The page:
Good Luck, the collective ritual of cinema
- LOCARNO 2017: Ben Russell presents his latest film, a journey into the depths of humanity that lies somewhere between shamanic ritual and collective brutality
The US artist and director Ben Russell is a familiar face at the Locarno Festival where he previously presented A Spell to Ward Off the Darkness [+see also:
film profile] in 2003, co-directed with Ben Rivers in the Signs of Life section. But this time he’ll be coming face-to-face with the International Competition audience, which has had rather a unique experience, beyond appearances and into an abyss, thanks to his film Good Luck [+see also:
The film begins with a song played by a mysterious musical band. As the song comes to an end, the light disappears and Ben Russell's gaze drops 600 metres below ground into the bowels of the earth, accompanied by a group of Serbian miners. It’s thanks to the art of cinema that Good Life is able to highlight the lives of those who would normally be relegated to the shadows. The second group of men observed by Russell is that of the illegal Suriname miners (gold diggers).
Good Luck plunges the audience into the hard, precarious world of two distinct groups of workers, showing us the importance of the bond that unites them despite the various difficulties and insecurities that they face. "What we would like is a better life and a higher, more appropriate wage," these are the dreams of the Serbian miners who find it difficult to express their feelings, laughing about them as if their concerns were too trivial to deal with.
For Ben Russell there's no obvious distinction between documentary and fiction. It's almost as if Russell wants to remind us that the illusion of "total realism" is nothing but a foolish goal that ultimately loses sight of the essentials: cinema is first and foremost a collective experience that allows us to observe reality from a different point of view.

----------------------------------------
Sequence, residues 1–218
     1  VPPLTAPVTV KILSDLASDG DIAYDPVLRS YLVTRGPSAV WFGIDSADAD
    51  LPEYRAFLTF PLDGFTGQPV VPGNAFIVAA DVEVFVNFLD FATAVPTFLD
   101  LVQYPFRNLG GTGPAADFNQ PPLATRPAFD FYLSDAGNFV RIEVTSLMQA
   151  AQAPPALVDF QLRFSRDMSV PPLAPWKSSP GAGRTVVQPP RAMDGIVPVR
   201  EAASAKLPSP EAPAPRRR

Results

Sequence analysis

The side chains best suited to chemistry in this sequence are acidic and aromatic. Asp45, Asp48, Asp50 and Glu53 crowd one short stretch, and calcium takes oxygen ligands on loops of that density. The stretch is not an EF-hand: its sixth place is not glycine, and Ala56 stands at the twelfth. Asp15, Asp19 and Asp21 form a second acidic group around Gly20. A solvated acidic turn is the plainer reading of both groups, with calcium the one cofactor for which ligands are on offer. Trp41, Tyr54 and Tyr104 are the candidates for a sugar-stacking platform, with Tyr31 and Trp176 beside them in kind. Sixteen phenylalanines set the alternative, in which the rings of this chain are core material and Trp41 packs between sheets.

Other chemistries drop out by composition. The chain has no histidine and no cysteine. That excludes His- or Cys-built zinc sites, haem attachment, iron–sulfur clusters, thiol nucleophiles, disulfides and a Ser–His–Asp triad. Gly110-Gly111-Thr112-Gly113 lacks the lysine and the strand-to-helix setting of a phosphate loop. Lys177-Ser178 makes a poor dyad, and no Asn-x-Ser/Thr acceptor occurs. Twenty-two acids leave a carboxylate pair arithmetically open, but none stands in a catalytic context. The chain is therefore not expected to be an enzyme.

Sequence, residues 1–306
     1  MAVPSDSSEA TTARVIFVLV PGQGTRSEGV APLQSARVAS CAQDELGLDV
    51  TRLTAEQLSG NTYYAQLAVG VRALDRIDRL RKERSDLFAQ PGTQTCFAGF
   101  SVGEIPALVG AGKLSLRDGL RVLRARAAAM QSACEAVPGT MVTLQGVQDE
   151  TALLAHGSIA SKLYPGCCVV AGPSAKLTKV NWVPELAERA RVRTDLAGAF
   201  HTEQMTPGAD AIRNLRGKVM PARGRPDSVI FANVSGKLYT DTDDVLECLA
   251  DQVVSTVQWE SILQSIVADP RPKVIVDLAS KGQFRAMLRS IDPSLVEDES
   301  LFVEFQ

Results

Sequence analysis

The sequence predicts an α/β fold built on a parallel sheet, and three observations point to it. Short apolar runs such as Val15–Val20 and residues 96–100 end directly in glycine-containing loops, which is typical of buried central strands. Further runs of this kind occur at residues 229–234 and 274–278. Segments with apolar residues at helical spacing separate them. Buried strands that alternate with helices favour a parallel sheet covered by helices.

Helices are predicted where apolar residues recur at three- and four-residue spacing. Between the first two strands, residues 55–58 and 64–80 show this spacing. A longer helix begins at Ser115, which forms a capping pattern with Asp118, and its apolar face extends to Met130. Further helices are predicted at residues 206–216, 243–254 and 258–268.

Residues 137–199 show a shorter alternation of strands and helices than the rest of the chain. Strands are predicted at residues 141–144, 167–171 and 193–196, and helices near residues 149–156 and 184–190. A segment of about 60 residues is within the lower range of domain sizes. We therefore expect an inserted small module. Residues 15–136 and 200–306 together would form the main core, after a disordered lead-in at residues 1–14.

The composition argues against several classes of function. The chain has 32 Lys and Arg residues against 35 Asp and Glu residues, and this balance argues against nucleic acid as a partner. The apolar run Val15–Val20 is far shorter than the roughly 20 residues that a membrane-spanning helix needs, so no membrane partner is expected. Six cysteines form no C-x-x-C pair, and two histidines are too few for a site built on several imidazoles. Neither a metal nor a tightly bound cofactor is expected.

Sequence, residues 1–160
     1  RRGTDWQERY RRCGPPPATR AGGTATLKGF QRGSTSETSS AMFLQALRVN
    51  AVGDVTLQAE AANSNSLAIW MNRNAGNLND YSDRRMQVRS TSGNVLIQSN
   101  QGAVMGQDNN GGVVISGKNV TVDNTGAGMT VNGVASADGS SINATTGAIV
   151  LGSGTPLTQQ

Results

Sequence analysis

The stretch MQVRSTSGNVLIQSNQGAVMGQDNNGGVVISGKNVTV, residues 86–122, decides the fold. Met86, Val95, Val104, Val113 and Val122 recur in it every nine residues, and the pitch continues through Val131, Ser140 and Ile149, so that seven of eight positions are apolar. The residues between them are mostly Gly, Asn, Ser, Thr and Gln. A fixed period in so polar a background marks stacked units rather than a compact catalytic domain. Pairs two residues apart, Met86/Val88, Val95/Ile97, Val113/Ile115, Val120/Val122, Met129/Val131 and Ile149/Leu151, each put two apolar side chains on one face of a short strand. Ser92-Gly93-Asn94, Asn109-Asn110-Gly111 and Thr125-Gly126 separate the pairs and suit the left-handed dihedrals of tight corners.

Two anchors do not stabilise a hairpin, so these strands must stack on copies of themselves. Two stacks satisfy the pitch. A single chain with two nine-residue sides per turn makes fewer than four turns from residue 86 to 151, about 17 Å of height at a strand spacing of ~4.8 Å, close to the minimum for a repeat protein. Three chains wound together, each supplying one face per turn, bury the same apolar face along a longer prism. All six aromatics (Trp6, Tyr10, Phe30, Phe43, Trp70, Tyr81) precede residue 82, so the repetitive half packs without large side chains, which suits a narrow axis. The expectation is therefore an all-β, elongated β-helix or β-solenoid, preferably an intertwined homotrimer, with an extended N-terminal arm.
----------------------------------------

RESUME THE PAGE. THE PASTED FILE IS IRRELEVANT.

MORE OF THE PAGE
Russell's films are demanding on the body, not just the mind, awaking us from a dullness that blinds us and leaves us out of sync with our physical emotions. The body is able to more directly express what the mind sometimes experiences a delay in processing. The body does not lie. Good Luck definitely draws out some decisively physical emotions: the length of its sequential shots seems to remind us that "time" is cruelly relative (miners work for more than eight hours a day in the abyss and we, the audience, struggle to even sit and watch them for any longer than two hours). The protagonists' faces (filmed almost as if they were prole versions of the Warholian screen test) look at us, claiming their presence, even if we have long forgotten them. Ben Russell provokes the audience, and we find ourselves part of an experience that we won’t come out of unscathed.
The director does not want to impose a so-called "universal" truth on the audience, but rather his own personal truth, his vision of the world. Despite some undeniable influences: John Marshall, Jean Rouch, Ben Rivers, but also Maya Deren and her ritual cinema, among the ethnography and ceremonies related to possessions, Ben Russell proposes something totally new and personal. In his most recent work "rituals" are not, as in the case of Deren, related to ceremonial practices per se, but are instead found in the collective support of miners, in their repeated, mechanical and persistent gestures, as if they are almost wishing to get rid of their bodies.
Through his "ethno-experimental" cinema Ben Russell opens our eyes to the absurdities that have invaded our consumer society, the ever-growing gap that is created between those who dominate the world and those who, apparently, have no option but to silently submit.
(Translated from Italian)
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